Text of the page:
It follows a drama which involved an exploding house, an assault charge and a suicide vest...
Cannibal Corpse guitarist Pat O’Brien has been released from jail after posting a $50,000 bond.
Last week (December 12), death-metal musician O’Brien was arrested after an alleged assault and burglary occurred while his house caught fire.
O’Brien allegedly entered a neighbour’s home in Northdale, Florida, before reportedly pushing the neighbour over. He also faces a charge of assaulting a police officer after allegedly charging at police with a knife when he was found hiding behind a fence at his neighbour’s property.
During O’Brien’s arrest, the guitarist’s home also caught fire after explosive devices inside the house went off. Firefighters tackled the blaze while ammunition continued to explode, before they eventually managed to get the fire under control.
During his first appearance at Hillsborough County Court, filmed by local TV station WFLA, O’Brien wore an anti-suicide vest and was shackled to court deputies.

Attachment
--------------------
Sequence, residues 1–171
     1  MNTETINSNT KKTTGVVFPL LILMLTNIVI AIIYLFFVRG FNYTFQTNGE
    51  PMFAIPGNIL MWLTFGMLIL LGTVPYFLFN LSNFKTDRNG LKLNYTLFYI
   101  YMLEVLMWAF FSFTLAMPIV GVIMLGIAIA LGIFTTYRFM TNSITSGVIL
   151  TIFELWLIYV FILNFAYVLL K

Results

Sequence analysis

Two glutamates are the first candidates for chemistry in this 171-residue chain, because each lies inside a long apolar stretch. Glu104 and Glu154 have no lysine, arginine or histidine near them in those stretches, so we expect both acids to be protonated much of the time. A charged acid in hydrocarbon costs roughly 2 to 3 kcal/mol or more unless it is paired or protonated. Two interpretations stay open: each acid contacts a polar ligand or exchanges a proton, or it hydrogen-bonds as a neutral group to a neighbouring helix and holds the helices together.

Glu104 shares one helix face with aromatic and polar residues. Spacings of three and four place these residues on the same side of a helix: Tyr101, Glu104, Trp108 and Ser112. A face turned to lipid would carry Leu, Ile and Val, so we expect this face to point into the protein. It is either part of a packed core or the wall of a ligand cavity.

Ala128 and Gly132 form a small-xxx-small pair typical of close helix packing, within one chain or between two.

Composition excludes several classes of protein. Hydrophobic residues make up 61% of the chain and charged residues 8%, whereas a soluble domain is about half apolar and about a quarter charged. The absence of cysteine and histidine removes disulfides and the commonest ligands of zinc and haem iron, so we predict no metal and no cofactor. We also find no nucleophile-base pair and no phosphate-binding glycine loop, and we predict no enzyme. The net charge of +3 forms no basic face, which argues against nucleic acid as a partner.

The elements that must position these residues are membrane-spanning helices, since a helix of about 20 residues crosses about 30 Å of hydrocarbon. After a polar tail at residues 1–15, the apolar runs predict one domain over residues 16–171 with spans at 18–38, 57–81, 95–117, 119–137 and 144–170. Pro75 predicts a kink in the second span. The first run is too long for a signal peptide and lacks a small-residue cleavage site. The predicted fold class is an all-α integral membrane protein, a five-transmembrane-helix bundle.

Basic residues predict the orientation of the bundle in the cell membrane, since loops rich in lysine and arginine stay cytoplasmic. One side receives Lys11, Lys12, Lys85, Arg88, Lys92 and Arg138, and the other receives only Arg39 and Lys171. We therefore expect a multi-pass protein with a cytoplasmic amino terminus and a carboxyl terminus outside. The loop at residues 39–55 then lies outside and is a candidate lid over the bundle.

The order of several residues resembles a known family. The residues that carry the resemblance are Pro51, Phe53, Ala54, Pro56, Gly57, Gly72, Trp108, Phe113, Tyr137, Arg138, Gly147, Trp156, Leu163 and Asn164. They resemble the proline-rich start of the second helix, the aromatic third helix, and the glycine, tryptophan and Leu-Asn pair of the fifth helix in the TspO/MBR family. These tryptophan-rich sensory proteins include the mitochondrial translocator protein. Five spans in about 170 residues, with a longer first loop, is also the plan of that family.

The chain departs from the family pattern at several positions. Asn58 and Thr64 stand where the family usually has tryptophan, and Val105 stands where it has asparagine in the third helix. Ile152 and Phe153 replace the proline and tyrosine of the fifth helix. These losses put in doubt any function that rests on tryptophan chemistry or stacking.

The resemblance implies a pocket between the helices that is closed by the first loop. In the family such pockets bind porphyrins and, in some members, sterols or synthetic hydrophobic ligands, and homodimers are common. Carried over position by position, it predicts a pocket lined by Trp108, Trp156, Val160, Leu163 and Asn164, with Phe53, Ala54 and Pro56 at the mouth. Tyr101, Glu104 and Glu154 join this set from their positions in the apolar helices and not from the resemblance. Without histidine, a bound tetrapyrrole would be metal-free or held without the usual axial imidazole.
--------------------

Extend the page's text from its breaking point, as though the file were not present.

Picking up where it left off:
Now, according to Brave Worlds, O’Brien was released by the Hillsborough County Sheriff’s Office last Friday evening (December 14).
A police report reveals that O’Brien has been officially charged with “aggravated assault on a law enforcement officer with deadly weapon, and burglary of an occupied dwelling with assault or battery.”
A few days after his initial arrest, the wife of Cannibal Corpse drummer Paul Mazurkiewicz started a crowdfunding campaign. She wrote: “Pat is a standup guy, true to his friends, family and his band. Also pat does not have insurance, and lost everything that he owns.”
The case comes just three days after Cannibal Corpse were named as the support band on Slayer‘s farewell tour in the US in May. The veteran death metal band are also due to co-headline a Decibel magazine tour with Morbid Angel from February 17-March 17. It’s not yet clear how O’Brien’s arrest will affect the shows.
Formed in 1988 in New York, Cannibal Corpse released their 14th album ‘Red Before Black’ last year. Their albums were banned from being sold in separate government rulings in Australia and Germany, before both countries relented in the 2000s.